Spotify for Mobile – first thoughts

Hurrah, Spotify for the iPhone/Android is released. This makes me very happy. Especially nice is the simultaneous release of the app on both iPhone and Android – I can’t think of anyone else who’s done this, and for good reason – it’s REALLY HARD. So props to them for that.

Random first thoughts:

  • It’s a really fast, smooth app. Almost no delays at all that I’ve seen. Music starts instantly, menus are fluid, it’s all just lovely.
  • The song position indicator on the iPhone is in the same place, and looks the same, as the volume control in the iPod app. This is going to lead to me doing something stupid some time soon, I can tell.
  • The play/pause control on the headphones doesn’t do the ‘right thing’. It controls the iPod application. Not Spotify’s fault, I assume, this is all Hidden Apple API stuff.
  • Another Hidden API Unplugging the headphones doesn’t pause the music. Pity.
  • If you quit and run the app again, it restores what you were doing before perfectly – down to resuming playing music if you happened to be playing at the time. This is one of the best implementations of resume I’ve seen. But again, it’s going to bite me next time I want to show someone the app and it starts playing Britney through the iPhone speakers at full volume and I have to go kill myself in shame.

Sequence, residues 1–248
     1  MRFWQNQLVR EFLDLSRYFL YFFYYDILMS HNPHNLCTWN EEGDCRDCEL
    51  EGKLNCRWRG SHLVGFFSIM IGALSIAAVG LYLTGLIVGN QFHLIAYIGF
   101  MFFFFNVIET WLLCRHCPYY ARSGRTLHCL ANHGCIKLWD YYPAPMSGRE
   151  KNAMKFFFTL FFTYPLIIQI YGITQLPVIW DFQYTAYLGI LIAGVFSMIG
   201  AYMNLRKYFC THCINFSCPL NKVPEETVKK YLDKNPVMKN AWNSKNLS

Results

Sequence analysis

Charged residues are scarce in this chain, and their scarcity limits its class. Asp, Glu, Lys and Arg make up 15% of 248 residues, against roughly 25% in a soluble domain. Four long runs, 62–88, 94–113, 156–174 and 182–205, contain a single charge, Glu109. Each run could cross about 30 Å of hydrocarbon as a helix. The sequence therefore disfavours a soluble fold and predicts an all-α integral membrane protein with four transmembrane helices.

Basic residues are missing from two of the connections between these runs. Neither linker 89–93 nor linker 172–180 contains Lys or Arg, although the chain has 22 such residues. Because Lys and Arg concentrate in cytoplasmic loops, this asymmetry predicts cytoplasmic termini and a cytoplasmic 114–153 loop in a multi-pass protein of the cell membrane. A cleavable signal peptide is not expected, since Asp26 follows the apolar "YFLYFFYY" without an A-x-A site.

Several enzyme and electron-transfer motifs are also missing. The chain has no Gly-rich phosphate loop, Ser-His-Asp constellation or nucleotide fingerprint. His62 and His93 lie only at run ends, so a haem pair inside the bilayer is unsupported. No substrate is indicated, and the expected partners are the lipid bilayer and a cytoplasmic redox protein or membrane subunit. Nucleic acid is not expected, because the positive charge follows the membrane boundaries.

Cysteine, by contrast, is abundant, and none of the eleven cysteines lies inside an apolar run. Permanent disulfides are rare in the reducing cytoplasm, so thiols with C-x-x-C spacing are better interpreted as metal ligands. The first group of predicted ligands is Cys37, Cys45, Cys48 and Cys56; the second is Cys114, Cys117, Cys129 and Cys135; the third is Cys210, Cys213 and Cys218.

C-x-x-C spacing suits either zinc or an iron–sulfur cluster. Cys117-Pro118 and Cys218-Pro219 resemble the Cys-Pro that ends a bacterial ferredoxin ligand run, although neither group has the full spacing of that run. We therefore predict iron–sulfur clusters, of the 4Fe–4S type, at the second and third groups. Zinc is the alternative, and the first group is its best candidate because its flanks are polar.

So far, I think it’s great. I’d like ‘run in background’ support, of course, and I’d like it to use the double-press-home play/pause controls so that I don’t have to unlock the screen to control it, and I’d like it to use all manner of other forbidden Apple APIs that they’re not allowed to use. None of this is Spotify’s fault.

I’ve also now tried the Android version:

  • It’s an equally wonderful and polished experience. Even on the very slow G1 I have access to in the office, it’s pretty fast, and again, the music starts playing instantly. Very nice.
  • On Android, it runs in the background!
  • It really needs a home screen widget to control playback, though, the disadvantage of being in the background is that there’s the overhead of switching to it every time you want to pause.
  • It does the same thing as the iPhone version and doesn’t pause when you unplug the headphones. Less forgivable here, as the ‘private API‘ argument is harder to make.

I’d be very happy using either of these apps in the wild, I think.

I have a small collection of screenshots here.